Chapter 2 -- Assumptions
I have made some assumptions in my search for the truth.
- The Bible is the inerrant Word of God.
- The Scriptures were written by people inspired by the Holy Spirit.
- Beware of personal bias--others and your own.
- The Holy Spirit does not contradict Himself from time to time in the Scriptures.
- For #4 to be true, consider interpreting the Bible in a literal sense, not a literalist sense.
- The Bible can be read at many levels to obtain many levels of truth.
- Interpret the Bible in its entirety.
- Compare writings of the early Christians.
- See if there is already an answer.
- Have a good reason for everything you do.
- Seek THE truth; don't avoid the truth.
- To learn THE truth, you must be humble and have an open mind.
- Once you know the truth, remember what Paul taught Timothy:
- The New Testament references the Old Testament a lot. Read the references.
- The truth is elusive.
- When given a Scripture verse that purportedly proves the Church's position wrong, read the verse in context and read the verse carefully.
As you will see on the chapter on the Origins of the Bible, I make a case that the Catholic Church determined which writings were divinely inspired, and included them in the canon. Thus, by the authority of the Catholic Church, the Bible is the inerrant Word of God. The Bible itself supports this notion:
But note, one cannot claim the Bible is the Word of God because the Bible says so. The Book of Mormon claims it is the Word of God. The Q'ran claims it is the Word of God. The Hindu Vedas claim they are the Word of God. Making the claim doesn't make it so. Some trustworthy authority must declare it. God is that trustworth authority, He gave the authority to the Apostles and their successors to determine such things, and they did.
This verse confirms that prophecy comes from human beings moved by the Holy Spirit. It also confirms Scripture is not open to personal interpretation--we can't each read Scripture and come to our own, personal conclusions as to what it means. But more on that later.
If you even know the Bible exists, you probably have some ingrain prejudices about what it says. I know I do. Someone somewhere taught you something that started you on a path of expectation. You now read the Bible trying to make everything fit your pre-determined bias. Jesus confronted this problem with the Scribes, Pharisees and Sadducees. They were certain they understood Scripture, and were equally certain any interpretation contrary to theirs was incorrect.
Consider approaching Scriptures with a simple mind. If there is an apparent, obvious interpretation of a verse, assume that interpretation is valid until proven invalid. Another interpretation can be considered when another series of verses contradicts the obvious interpretation of the challenged verse.
For example, if a Bible verse states "children are precious", assume children are precious. If another verse states "this child was not precious", we have a contradiction, and we could proceed per #4 below. Otherwise, we should not seek an alternate interpretation of the former verse just because we do not like what it says, or it does not fit our pre-determined bias. Don't be like the Scribes, Pharisees and Sadducees. There must be a reason to not accept the obvious interpretation, and that reason can't be just because you don't want it so.
If there are two or more verses in apparent contradiction, consider an interpretation of the verses that will not be in contradiction when taken in context with the rest of Scripture. It is more likely the truth can be found there. The key is to compare it with the entire text of Scripture, not just one or two other verses. See #7 below.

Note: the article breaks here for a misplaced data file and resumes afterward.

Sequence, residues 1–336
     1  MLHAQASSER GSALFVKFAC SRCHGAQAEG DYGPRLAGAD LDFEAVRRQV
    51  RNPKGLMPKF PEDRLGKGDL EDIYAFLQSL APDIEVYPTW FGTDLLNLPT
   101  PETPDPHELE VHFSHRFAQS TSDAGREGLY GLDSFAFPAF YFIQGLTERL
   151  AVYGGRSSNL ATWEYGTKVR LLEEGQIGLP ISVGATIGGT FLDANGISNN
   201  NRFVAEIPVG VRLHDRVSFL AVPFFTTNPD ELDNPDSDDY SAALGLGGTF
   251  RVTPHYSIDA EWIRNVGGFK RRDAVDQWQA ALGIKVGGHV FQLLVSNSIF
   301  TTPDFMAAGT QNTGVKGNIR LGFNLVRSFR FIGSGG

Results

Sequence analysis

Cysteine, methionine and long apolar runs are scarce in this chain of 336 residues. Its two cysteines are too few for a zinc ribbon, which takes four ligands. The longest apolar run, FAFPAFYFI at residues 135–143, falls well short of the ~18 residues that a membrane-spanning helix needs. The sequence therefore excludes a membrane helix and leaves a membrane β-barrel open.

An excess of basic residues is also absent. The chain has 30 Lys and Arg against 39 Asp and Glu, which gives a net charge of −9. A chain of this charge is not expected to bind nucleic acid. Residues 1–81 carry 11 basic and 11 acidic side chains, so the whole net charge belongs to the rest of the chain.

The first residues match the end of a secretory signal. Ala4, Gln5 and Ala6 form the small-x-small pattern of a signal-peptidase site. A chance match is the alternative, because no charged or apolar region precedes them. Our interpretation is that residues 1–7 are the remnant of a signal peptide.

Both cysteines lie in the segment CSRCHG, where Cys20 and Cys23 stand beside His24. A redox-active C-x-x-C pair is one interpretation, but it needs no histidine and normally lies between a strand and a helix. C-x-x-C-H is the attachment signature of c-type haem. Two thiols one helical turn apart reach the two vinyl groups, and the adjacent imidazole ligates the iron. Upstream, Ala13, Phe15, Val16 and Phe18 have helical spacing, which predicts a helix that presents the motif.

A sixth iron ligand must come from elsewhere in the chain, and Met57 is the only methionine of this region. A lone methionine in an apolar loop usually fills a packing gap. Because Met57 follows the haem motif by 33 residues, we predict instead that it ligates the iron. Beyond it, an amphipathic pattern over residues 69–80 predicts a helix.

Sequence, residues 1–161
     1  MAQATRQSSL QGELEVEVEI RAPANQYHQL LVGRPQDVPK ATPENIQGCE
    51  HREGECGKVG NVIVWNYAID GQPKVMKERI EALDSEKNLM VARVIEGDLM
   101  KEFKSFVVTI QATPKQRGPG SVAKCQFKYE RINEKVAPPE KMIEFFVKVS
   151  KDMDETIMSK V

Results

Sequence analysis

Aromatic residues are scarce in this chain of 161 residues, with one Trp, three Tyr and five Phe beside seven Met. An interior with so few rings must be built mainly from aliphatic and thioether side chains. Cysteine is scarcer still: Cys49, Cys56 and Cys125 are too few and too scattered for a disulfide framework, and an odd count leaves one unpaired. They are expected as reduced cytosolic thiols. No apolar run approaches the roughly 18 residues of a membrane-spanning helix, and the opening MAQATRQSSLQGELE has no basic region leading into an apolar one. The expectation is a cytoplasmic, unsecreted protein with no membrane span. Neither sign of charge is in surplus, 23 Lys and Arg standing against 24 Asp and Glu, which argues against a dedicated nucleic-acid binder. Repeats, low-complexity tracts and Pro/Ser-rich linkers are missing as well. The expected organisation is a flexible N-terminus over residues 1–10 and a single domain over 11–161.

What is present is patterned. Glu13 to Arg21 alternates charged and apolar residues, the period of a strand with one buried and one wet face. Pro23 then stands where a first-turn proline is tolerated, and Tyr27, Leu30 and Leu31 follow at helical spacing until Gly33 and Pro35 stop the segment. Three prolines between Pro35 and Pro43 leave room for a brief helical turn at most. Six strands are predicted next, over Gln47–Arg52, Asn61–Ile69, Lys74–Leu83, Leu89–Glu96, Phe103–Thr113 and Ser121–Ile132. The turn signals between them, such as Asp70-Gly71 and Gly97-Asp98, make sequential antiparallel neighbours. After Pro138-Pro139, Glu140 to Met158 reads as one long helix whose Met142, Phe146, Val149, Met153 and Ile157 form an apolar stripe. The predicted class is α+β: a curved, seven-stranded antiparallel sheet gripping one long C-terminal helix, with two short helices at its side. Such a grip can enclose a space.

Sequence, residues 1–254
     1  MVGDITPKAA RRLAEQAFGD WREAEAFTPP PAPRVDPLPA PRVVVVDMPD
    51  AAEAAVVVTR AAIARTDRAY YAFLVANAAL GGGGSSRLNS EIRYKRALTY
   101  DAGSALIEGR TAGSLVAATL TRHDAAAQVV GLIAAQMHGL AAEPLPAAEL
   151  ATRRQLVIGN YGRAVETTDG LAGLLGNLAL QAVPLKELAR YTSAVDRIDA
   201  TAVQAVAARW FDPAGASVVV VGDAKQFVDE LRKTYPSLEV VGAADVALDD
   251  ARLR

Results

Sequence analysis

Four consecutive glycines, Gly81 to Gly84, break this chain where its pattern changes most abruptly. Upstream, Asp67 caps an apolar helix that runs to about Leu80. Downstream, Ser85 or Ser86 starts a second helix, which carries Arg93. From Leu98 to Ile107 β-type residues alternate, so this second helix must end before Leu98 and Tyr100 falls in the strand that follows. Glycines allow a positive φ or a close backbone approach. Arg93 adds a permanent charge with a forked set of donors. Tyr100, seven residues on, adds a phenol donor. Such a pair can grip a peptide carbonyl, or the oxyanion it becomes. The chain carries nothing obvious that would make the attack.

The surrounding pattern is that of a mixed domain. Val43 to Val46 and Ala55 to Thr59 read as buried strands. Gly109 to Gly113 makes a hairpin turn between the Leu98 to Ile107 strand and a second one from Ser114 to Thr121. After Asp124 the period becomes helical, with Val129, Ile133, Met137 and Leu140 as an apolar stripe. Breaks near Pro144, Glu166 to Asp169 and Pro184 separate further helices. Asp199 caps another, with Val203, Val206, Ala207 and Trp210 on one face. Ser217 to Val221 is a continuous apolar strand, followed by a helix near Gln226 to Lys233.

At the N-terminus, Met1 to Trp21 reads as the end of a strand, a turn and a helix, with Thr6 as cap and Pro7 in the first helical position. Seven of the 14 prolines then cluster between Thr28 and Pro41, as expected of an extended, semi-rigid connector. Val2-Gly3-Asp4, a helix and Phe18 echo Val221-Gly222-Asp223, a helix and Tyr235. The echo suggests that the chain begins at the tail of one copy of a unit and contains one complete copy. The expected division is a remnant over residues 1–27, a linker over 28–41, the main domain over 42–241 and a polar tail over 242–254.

Literalist - what it says is what it means. If it says the tail of the huge red dragon "swept away a third of the stars in the sky and hurled them down to the earth" , it means an awful lot of stars are scattered about the surface of the Earth. If it says "12,000 died in that one battle", it means more than 11,999 and less than 12,001 died in that battle, no more no less. If a reader adopts this sense, there will be difficulty explaining many verses that have apparent error.
Literal - it means what the sacred author intended it to mean. If it says the tail of the huge red dragon "swept away a third of the stars in the sky and hurled them down to the earth", it is highly, highly unlikely the author meant that stars were actually hurled down to the Earth (scientists would have a field day with that one). If it says "12,000 died in that battle", it could mean around 12,000, or more than 11,000 but less than 13,000, or a really lot of soldiers. It is possible that exactly 12,000 died, although that remains a question. (Battles fought in early Israelite history seemed to suffer casualties in exact multiples of 1,000.) One needs to take the writing in context, in the historical perspective of the time, considering the customs and idioms the author likely used, to understand what the author most likely intended.
If, after reading a verse, you find yourself saying "That means …" or "That does not mean …", stop and think about what the verse would mean to someone in the first century A.D. What it means to someone today may be quite different, or even slightly different, enough to alter the message in some way. Customs and idioms during Christ's time appear unintelligible to 21st century westerners. Interpreting scriptures in an ancient light as well as a present view will add to your understanding.
English did not exist when the Bible was written. At best, any Bible verse you read in English is an approximation of what the sacred author actually wrote. If verses appear confusing, or unlikely, it may be because something was lost in translation. If you are able to go to the original Aramaic or Greek, you will have a better understanding. This is not something most of us can do, but there are scholars who have dissected every word of scripture. Consider reviewing what they discovered.
The surface, or superficial level can give truths, but the reader may miss an understanding of even greater truths if he/she looks no further. Superficial truth is sufficient, but God has so much more for us if we go deeper. For instance, Peter related the saving of Noah's family to the saving of baptism by water (See 1 Pet 3:20-22).
Superficially, by the grace of God, Noah and his family survived the great flood. That is a truth, and it is good to know. But in a deeper sense, Peter says "And baptism, which this prefigured, now saves you". This understands the Scriptures at a deeper, more spiritual level. Peter is showing us the way to view Scripture beyond the simple meaning. When viewed at a deeper level, much of the Old Testament comes alive in the New. Verses that were somewhat cryptic and seemingly meaningless make more sense.